Each individual has unique and unique fingerprints on the pulp of their hands. This study that deals with everything related to the identification of fingerprint forms is known as fingerprinting. The purpose of this course is to identify individuals.
The Origin of Fingerprinting and Fingerprints
The creator of this discipline was the Argentine police investigator Juan Vucetich, who at the beginning of the 20th century introduced his system to the police force in Buenos Aires. His research led him to establish four basic types of fingerprints or fingerprints, which were represented by numbers and letters (the capital letters for the thumbs and the numbers for the rest of the fingers).
Thus, the nucleus of a thumb has an arc shape in the pulp corresponding to the letter A, with a whorl assigned to the letter V, an inner loop for the letter I and an outer loop for the letter E. The other fingers have a numerical identification according to the core of the finger pulp. This system is one of the most used internationally, although each country has a specific pattern in fingerprint identification.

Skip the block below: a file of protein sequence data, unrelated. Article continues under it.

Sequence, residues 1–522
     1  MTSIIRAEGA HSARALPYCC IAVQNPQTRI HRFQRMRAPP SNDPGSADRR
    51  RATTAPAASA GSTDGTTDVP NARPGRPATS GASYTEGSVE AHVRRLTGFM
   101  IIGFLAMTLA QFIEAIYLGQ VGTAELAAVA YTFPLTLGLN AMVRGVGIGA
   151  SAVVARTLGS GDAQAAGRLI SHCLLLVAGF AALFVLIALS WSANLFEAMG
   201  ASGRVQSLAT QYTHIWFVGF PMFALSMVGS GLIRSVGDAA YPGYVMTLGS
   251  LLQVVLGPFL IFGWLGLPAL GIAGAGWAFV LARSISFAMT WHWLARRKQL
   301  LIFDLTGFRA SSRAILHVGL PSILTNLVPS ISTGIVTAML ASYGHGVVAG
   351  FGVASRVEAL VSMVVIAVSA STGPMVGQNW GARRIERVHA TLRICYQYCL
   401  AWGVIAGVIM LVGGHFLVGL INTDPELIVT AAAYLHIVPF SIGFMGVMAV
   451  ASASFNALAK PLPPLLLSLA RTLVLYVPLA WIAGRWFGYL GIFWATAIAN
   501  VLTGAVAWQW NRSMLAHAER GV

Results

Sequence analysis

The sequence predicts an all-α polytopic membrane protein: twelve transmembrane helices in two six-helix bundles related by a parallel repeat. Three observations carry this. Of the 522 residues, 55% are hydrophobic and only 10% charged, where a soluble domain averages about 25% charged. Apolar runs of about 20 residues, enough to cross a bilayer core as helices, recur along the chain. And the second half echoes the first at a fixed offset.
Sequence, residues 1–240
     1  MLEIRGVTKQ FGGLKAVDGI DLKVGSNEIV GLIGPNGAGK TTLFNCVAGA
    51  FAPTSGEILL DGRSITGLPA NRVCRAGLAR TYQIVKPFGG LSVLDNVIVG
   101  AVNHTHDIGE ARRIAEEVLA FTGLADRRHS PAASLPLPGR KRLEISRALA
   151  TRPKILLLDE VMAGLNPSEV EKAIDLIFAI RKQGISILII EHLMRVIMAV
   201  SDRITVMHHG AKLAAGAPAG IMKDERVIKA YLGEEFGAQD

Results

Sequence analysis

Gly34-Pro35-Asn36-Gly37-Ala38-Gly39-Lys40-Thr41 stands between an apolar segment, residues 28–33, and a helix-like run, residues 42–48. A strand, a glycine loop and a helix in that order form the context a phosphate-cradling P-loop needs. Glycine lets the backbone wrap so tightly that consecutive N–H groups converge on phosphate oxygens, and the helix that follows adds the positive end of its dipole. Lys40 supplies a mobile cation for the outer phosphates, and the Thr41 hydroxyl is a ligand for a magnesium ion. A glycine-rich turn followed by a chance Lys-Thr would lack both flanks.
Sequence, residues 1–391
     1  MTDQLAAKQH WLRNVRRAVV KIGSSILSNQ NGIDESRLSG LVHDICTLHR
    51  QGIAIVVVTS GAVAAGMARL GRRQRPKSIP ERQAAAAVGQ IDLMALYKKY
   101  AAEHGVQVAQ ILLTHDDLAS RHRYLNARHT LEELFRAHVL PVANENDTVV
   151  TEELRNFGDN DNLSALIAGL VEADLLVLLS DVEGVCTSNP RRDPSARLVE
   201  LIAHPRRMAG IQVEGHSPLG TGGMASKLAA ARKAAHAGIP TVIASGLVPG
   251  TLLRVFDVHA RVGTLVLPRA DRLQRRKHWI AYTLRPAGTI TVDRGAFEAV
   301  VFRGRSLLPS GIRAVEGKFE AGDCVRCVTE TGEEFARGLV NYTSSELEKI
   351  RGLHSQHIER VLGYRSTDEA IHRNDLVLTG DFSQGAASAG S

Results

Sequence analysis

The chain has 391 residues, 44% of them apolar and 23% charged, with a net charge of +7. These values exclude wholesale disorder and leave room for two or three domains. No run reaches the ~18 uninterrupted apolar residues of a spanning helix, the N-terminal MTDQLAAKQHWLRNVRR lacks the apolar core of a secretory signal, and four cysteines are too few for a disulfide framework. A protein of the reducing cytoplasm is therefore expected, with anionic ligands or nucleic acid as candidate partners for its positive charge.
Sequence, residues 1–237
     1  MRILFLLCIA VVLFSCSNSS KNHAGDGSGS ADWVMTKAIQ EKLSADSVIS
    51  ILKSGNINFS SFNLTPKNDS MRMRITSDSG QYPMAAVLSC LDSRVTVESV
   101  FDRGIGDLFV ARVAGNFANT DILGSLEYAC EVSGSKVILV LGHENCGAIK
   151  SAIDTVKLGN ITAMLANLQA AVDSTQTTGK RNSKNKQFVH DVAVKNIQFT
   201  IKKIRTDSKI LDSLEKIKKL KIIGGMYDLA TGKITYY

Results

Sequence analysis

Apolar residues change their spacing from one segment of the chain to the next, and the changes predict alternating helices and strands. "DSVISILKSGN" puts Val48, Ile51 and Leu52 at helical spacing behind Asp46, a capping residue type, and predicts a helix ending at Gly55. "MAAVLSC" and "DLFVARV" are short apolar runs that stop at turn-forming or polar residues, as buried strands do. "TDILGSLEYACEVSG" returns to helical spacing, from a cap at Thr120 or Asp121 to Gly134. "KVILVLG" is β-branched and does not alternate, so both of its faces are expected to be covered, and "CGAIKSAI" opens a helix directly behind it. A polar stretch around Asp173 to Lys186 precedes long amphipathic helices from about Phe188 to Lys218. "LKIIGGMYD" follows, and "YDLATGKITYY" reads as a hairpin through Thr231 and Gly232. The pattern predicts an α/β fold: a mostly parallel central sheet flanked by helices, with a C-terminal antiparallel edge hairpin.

For example, the Spanish fingerprint system is based on the Oloriz model, based on the delta of the thumb (adelto if the finger has no deltas, dextrodelto when the deltas are on the right, sinistrodelto when the deltas are on the left and bidelto when there are two or more deltas in the fingerprint).
Fingerprinting as an identification technique
This area is based on three general principles:
1) The designs formed by the papillary ridges on the pulp of the fingers have the characteristic of being perennial, that is, they remain throughout the individual’s life. Fingerprints never change, so they are immutable.
2) There is an infinite variability of shapes and designs and with an appropriate classification system it is possible to identify any individual.
3) The appearance of fingerprints presents three types of impression:
– The patterned impression that is printed on plastic materials, fresh ink, grease or ointment;
– Visible impressions;
– Latent prints, which are difficult to perceive in direct light and which are found on glass, mirrors, polished furniture or glasses.
It should be noted that fingerprints are not preserved on certain objects, such as unpolished wood, turned metals, manipulated objects or human skin.